The Murder of Fred U. Powell
This post is a part of our series on Tom Horn – full collection of links at the bottom of the page.
“That’s the man that killed Daddy.”
William Lewis was not the last name tied to killings allegedly carried out by Tom Horn.
The second homesteader to be killed was Fred U. Powell. Old timers have argued whom deserved killing more, Lewis or Powell, and Powell is usually the choice. There was a reason for it, simply that he got into more trouble with more people. It seemed that during his entire tenure in Wyoming he went out of his way to find trouble, and perhaps trouble found a way to find him.
Powell was born in Virginia and became well known in the area virtually from the time of his arrival in the mid-to-late 1870s, simply because he seemed to want to become a sort of pariah in southeast Wyoming. He had married Mary Keene in December 1882, the daughter of John and Mary Keene, well?known pioneers who had come to Laramie from Colorado in 1868.
Fred and Mary had a son, William E. “Billy,” who was five years old when he supposedly witnessed his father’s murder on September 10, 1895. Fred was only thirty-seven at the time of his death.
T. Blake Kennedy, who became a key player on Tom Horn’s legal defense team and later a U.S. District Judge, mentioned in his memoirs, “It had been reported that at a coroner’s [Powell’s] inquest the small son of the murdered man, who was perhaps five years old, made the remark in identifying Horn, ‘That’s the man that killed Daddy.’”
Fred had lost an arm in an accident working for the Union Pacific, and was given a job as a night watchman with the railroad before being fired for robbing a traveler (probably a drifter), who was working his way across the country, of twenty dollars.
He then took up ranching on the west side of the Laramie Range in Albany County, upstream on Horse Creek about seven miles southwest of the spot where William Lewis had been shot. He became proficient with a rope and horse in spite of his handicap, and was generally considered a rustler. Supposedly he was the only person in the area who was friendly with Lewis. Fred, however, was in most ways an anathema to the ranching community and even the populace in general because of his continuing propensity to steal, trespass and destroy property. He thought it was fun to taunt his neighbors – in a manner he felt was more humorous than did they – with invitations to have their own beef for dinner at his place.
The charges leveled against him read like a sad litany to his seemingly endless pursuit of breaking the law. From pre-statehood days before 1890, they read like a self-defeating chant:
Territory of Wyoming v Fredrick U. Powell, Stealing and Killing Neat Cattle, Albany County
State of Wyoming…Grand Larceny, Cheyenne Justice of the Peace
State of Wyoming… Stealing Live Stock, Albany County
State of Wyoming… Malicious Trespass and Destruction of Property, Albany County
State of Wyoming… Incendiarism and Malicious Trespass, Albany County
State of Wyoming… Criminal Trespass, Albany County
First he stole four horses in Albany County in July 1889. He was arrested and jailed in September, and after the grand jury held its proceedings, the charges were dropped and he was never brought to trial.
In August 1890 he was charged with grand larceny in Cheyenne. The justice of the peace sustained a motion by Powell’s lawyer that there was not enough evidence to show any crime had been committed, and Fred was released.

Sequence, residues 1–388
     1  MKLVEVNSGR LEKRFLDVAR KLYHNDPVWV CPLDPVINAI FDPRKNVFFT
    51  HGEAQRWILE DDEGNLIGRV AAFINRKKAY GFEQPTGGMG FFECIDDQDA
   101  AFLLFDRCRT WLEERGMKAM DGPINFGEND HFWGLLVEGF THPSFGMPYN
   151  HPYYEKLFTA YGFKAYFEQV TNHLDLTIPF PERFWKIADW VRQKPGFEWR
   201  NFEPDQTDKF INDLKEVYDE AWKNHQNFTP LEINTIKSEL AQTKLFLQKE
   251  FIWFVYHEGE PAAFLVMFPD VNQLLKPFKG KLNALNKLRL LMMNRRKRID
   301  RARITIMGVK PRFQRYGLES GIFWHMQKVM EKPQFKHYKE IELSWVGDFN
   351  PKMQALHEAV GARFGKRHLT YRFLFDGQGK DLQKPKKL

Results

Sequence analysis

In January 1892 Mary Powell filed for divorce on grounds that for seven years he had not supported her or their son, who was then seven. The divorce was granted the next month. Mary however continued to live with Fred for years after that, although perhaps on an intermittent basis.
The summer after the divorce he was charged with stealing a horse in Albany County. Fred pleaded not guilty, and after four days of legal arguments he was bound over for trial. At the trail in September the jury returned with a verdict of not guilty.
In July the next year Fred was charged with malicious trespass and destroying fences belonging to Etherton P. Baker. First he was convicted but filed an appeal, and in September the jury found him not guilty.
That was not the last Fred U. Powell had heard from Etherton P. Baker, however.
The next spring, in April 1894, he set fire to personal property belonging to Baker and another neighbor, Joseph Trugillo, who was apparently living with Baker. Powell was hauled into court but this was not to be his figurative best day in court. He appealed the light sentence that was meted out and was released on a hundred-dollar bond.
In July Powell stole a horse, was arrested and tried. The judge found him guilty and fined him forty-five dollars. Again he appealed and was released on bond. When the next trial for incendiarism came up in September, he was convicted and sentenced to four months in jail. The charges were dropped in the horse-stealing charge.
When Powell was released in early 1895 he started to receive letters. The letters bore the now-familiar theme to stop stealing, leave the country or be killed. For a while he seemed to disregard them, at least until William Lewis was murdered.
There were reports that the Lewis murder threw a fright into him, and he started selling his stock.
Powell met the same fate as Lewis the morning of September 6, 1895….
This essay was originally published on Chip Carlson’s personal website, which has since expired, and is re-published here as a way to preserve some of the content of this historical figure. If you would like to continue learning about Tom Horn, please explore the links below. If you’d like to read the complete story, and help to support the author, his book can be purchased here.
More about Tom Horn:
Tom Horn (main page)
The Tom Horn Story (summary)